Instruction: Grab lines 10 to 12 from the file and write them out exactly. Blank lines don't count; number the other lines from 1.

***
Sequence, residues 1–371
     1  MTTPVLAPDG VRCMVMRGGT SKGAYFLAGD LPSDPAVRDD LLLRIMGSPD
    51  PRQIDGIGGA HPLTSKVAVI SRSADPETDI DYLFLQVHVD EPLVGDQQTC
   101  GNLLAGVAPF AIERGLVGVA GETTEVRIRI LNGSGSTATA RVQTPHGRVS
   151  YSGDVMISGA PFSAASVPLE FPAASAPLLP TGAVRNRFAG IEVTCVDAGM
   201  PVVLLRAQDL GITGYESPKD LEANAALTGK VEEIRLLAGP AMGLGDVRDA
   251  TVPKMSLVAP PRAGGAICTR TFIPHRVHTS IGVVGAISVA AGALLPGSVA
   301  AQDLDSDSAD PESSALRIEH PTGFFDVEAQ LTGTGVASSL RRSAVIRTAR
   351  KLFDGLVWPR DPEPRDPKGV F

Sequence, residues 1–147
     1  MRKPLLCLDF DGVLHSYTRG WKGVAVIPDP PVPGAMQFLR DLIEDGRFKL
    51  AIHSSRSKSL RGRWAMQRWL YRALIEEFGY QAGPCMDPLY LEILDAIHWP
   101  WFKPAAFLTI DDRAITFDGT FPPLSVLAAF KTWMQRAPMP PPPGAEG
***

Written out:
Sequence, residues 1–147
     1  MRKPLLCLDF DGVLHSYTRG WKGVAVIPDP PVPGAMQFLR DLIEDGRFKL
    51  AIHSSRSKSL RGRWAMQRWL YRALIEEFGY QAGPCMDPLY LEILDAIHWP